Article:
From the Director: Looking back at 2019, and forward to SCEC's future

Dear SCEC Community,


SCEC Director Yehuda Ben-Zion (USC)

It is almost a year since I stepped into the director position, and I continue to learn about (and be impressed by) the level and diversity of research and educational efforts done under the SCEC umbrella. The high complexity of earthquake processes and profound societal relevance require multidisciplinary teamwork and integrative activities as embodied and convened by SCEC. We have been successful because of our combined, collaborative efforts over many years, the foundational grounding by former Center directors, and the continual forward thinking by the highly talented members of the SCEC community. SCEC facilitates multi-disciplinary collaborations with outcomes that are greater than the sum of the components. This “magic” is a key to our success. 

The July 2019 Ridgecrest earthquakes ended a 20-year “drought” of large earthquakes in southern California, and highlighted again the highly complex nature of earthquakes. As the Ridgecrest sequence developed, many people from federal, state, and local agencies worked with scientists and engineers from academia and other organizations to coordinate field investigations, gather perishable data, and share information widely. The USGS and CGS were responsible for coordinating the field reconnaissance, while SCEC focused on getting our academic-based scientists funds and logistic support to participate in the response by means of an NSF RAPID grant, and by contributing to the NSF-sponsored Geotechnical Extreme Event Reconnaissance (GEER) Association survey. Many initial findings on the Ridgecrest sequence were shared at the 2019 SCEC Annual Meeting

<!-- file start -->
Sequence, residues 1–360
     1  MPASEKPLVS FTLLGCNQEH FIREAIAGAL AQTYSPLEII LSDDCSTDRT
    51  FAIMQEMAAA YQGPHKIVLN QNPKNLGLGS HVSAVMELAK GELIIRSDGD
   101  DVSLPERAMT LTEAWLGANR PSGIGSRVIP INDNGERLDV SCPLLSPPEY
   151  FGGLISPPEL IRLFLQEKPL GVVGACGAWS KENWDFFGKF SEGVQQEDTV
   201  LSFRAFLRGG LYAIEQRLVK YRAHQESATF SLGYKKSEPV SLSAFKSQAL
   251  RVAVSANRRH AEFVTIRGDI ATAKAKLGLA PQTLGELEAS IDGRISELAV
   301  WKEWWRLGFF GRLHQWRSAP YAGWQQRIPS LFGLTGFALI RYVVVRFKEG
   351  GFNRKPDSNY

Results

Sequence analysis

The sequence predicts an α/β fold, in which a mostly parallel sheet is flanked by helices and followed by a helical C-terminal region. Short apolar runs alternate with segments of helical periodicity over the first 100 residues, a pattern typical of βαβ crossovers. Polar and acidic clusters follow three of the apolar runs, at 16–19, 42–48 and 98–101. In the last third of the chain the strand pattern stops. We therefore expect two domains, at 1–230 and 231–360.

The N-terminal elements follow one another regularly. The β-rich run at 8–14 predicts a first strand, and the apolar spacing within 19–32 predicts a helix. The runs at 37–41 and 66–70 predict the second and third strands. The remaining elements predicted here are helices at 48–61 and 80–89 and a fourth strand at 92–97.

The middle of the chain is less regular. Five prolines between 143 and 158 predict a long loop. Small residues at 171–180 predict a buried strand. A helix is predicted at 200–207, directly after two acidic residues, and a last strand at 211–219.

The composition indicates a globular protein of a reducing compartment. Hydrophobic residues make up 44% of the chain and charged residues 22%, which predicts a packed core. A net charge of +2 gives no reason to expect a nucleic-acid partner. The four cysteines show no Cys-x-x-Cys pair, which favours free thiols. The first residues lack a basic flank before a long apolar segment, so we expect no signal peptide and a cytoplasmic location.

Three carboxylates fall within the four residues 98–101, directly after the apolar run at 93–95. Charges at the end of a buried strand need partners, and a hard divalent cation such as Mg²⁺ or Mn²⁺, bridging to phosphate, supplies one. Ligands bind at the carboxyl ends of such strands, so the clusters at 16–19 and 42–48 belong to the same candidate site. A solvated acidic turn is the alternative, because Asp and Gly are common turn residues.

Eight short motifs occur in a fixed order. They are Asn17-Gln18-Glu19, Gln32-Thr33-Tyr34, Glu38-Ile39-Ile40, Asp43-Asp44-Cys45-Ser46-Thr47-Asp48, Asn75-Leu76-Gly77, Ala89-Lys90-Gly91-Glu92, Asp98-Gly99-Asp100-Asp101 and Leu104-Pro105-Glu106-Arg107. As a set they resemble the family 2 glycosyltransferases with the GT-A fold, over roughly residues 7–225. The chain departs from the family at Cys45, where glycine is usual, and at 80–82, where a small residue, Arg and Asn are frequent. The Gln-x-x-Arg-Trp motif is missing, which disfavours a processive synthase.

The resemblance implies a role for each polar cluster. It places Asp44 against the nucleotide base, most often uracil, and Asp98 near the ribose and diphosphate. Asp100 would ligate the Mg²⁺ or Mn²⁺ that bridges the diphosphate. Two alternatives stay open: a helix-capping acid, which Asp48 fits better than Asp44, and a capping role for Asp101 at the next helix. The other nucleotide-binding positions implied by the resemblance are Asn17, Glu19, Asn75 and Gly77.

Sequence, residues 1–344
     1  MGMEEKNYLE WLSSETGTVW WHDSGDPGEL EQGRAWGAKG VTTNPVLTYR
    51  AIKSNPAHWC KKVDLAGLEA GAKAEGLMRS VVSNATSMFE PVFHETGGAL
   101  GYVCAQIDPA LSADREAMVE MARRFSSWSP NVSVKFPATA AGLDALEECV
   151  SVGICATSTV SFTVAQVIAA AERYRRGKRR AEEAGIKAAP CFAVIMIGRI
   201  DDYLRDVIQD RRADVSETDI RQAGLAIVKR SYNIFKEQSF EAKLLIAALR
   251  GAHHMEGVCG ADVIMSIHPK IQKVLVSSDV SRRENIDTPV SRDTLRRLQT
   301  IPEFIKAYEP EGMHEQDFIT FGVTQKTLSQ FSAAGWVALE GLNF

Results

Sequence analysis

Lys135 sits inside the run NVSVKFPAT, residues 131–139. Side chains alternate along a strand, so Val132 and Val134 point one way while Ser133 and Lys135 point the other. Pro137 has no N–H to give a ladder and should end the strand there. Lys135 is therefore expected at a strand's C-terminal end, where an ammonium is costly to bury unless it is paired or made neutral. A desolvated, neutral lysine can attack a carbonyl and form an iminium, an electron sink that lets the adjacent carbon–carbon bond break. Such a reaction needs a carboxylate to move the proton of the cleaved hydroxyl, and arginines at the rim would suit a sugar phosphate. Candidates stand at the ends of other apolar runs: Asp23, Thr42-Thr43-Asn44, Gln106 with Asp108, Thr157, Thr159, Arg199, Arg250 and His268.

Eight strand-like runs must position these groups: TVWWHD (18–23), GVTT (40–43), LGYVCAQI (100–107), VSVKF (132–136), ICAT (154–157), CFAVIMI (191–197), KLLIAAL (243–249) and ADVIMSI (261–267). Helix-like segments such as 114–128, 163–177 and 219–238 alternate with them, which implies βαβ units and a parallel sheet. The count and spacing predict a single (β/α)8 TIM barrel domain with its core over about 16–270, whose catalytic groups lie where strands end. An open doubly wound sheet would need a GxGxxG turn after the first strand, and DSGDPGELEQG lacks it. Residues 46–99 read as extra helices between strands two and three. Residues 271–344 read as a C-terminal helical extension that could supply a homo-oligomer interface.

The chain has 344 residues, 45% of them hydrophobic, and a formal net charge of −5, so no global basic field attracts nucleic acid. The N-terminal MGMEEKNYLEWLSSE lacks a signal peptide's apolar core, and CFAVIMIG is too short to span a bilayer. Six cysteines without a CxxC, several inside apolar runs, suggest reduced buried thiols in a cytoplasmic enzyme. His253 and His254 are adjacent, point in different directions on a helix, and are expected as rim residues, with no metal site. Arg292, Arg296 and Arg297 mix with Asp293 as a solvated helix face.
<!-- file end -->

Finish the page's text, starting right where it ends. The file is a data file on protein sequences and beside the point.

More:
While rapid post-earthquake reconnaissance allow collection of important data, it is essential that we also obtain near-fault observations before and during the occurrence of significant earthquakes. Arrays of sensors across major faults can record crucial data needed to constrain models on the transition from inter-seismic deformation to large events, and on the physical processes that occur within earthquake rupture zones. We have begun efforts to fund such arrays and will update you with new information when available. 

In September, NSF announced its intention for a new open competition for an earthquake research center. Throughout 2019, we have strengthened the management structure of SCEC for more effective coordination of research and educational activities. In November, the Board of Directors elected John Shaw (Harvard) and Emily Brodsky (UCSC) to serve as chair and vice chair of the board, respectively, for the next 3 years. I congratulate John and Emily and thank them for taking on these critical SCEC roles.

We are well-poised to respond to NSF’s call for a new earthquake center. SCEC has a proven track record of fostering innovative investigator-driven studies on diverse topics and integrating the results within collaborative community models and products. We continue to be engaged in fundamental unsolved problems in a natural laboratory with excellent access to plate-boundary faults in highly populated areas. The call for a new earthquake center provides an exciting opportunity to broaden and deepen our future endeavors, and there will be ample opportunities for the SCEC community to contribute to various initiatives as we build the next Center together. 

In closing, I want to thank everyone for your past, present and future contributions to the SCEC collaboration. This year has showcased the many strengths and value of the SCEC Community, rising to the challenges of leadership transitions, major earthquakes, an NSF management review, and more. SCEC is a remarkable collaboration, and these events have strengthened our capacity for responding to future challenges and opportunities. I look forward to working with you on an expanded vision for the new Center, which builds on our achievements while continuing to push the forefront of earthquake science. 

Happy holidays and best wishes for 2020,

Yehuda Ben-Zion
Director, Southern California Earthquake Center


 

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We study why and how earthquakes occur, evaluate their effects, 

and help societies prepare to survive and recover. 

SCEC is headquartered at the University of Southern California with a 

community of more than 1,000 scientists across 75 institutions.